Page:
Living in a hot climate and eating poorly can lead to the build up of fluid in the body. Caitlyn Davey investigates how to tackle bloating and water retention.
Water retention is the body’s storage of fluids within the circulatory system or body tissue. This can occur as the body reacts to hot weather, storing water in case of dehydration. An intake of salty foods can also contribute to water retention and, for women, hormonal imbalances or changes have an impact. Water retention can additionally cause bloating, swelling, the appearance of weight gain and discomfort.
It’s also indicative of kidney problems, vitamin deficiencies, and post-operative strain. Owner and manager of Abu-Dhabi based NUYou Slimming Clinic, Nouvriet Boutros, says: ‘Water retention is also known by its more medical term, edema. This occurs when water leaks into the body tissues from the blood. In normal circumstances, the fluid is drained from the body tissues through the lymphatic system – a network of tubes throughout the body that removes waste and extraneous material, and empties it back into the bloodstream.
‘Water retention problems arise when fluid is not removed by the lymph system properly; it is retained in body tissue where it causes swelling (edema). It’s most common in the feet and legs, but it can occur in the hands, arms, thighs, and abdominal cavity.’
There are many ways to reduce fluid build-up in the body, including spa treatments as well as home remedies, foods to eat and avoid. Often a water-retention treatment can help individuals feel slimmer as a reduction in size, bloating and diameter can be found post-drainage.
Nouvriet says: ‘It is very common for healthy people to experience day-to-day weight fluctuations due to water retention. While most people can retain up to five pounds of hidden water weight within the natural fluid that surrounds cells, those who are overweight or suffer from obesity may retain up to eight to ten pounds.’
A simple at-home remedy for water retention is dry brushing. As the body’s largest organ, stimulating the epidermis of the skin can aid circulation, digestion and rejuvenation.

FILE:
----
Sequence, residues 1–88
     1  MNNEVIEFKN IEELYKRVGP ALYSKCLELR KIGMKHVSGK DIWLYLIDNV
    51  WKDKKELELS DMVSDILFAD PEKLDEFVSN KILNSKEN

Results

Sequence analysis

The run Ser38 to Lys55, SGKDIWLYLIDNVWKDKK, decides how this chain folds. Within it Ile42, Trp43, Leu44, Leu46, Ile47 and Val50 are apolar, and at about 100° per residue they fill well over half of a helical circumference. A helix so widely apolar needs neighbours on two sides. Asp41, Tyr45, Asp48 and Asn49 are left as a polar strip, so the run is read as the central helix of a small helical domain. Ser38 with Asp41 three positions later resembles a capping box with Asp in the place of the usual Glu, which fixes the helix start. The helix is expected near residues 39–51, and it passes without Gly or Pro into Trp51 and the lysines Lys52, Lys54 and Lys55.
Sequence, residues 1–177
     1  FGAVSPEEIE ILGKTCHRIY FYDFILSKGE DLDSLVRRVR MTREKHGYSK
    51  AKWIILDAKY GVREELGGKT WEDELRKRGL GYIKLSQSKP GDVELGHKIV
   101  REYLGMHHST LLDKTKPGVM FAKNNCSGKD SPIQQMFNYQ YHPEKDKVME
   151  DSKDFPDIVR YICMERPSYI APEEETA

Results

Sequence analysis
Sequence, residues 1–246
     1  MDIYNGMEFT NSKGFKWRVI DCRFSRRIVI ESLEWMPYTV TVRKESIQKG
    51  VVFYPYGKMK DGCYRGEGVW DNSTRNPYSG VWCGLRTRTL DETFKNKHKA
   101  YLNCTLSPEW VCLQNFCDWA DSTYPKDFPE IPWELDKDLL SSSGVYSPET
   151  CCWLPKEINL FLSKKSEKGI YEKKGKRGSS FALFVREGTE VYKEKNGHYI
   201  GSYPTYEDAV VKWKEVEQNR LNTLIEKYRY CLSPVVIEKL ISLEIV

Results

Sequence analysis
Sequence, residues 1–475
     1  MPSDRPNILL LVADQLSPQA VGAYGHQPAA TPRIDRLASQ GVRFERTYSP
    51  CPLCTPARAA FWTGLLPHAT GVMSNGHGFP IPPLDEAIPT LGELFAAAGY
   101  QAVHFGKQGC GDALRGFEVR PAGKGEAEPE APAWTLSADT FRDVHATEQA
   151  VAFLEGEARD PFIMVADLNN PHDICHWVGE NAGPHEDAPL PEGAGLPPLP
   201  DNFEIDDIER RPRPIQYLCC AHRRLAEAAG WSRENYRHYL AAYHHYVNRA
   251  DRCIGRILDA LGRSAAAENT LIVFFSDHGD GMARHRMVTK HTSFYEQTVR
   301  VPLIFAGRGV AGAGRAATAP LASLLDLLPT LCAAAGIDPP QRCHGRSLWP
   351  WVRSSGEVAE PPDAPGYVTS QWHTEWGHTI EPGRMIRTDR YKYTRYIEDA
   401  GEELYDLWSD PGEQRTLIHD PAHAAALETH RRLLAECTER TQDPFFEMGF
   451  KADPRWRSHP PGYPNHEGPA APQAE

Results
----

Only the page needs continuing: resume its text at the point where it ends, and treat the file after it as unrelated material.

Dry brushing means applying light pressure to the limbs and torso, and by stimulating the lymphatic system, this can aid the body in flushing toxins and kick-starting a person’s metabolism each day, producing numerous benefits. Simply begin dry-brushing in the morning before bathing, starting at the ankles and move in sweeping circular motions towards the heart.
Sweat it out
The body tends to store high amounts of sodium, the removal of which can be aided by sweating. It’s essential that water is consumed while sweating, but this process can minimise swelling and aid the body in flushing out sodium and water deposits. Using a sauna or steam room will reduce water retention. However, you must ensure water-intake is raised to prevent dehydration.
Foods to eat and to avoid
Salted foods promote the body’s tendency to store water – the additional sodium within the system will contribute to the storing of fluid. Eating potassium rich foods such as bananas can help combat water retention, while potassium counter-acts sodium in the body. Drinking more water can minimise water retention – if the body feels a threat of dehydration, it will store fluid, and minimise the expulsion of fluids to last longer. Vitamins such as vitamin B5, vitamin D and calcium also aid the body’s functions to excrete fluids.
Many spas offer lymphatic drainage treatments, aiding in circulation and the reduction of water retention, as well as those that are anti-cellulite or weight-loss inducing.
Anti-cellulite treatments aim to stimulate the body’s natural systems and often begin with the dry-brushing or exfoliation of the limbs to kick-start the blood flow before the lower legs and, in some cases, stomach or arms are massaged to promote lymphatic drainage techniques. Here’s our pick of the top treatments to test.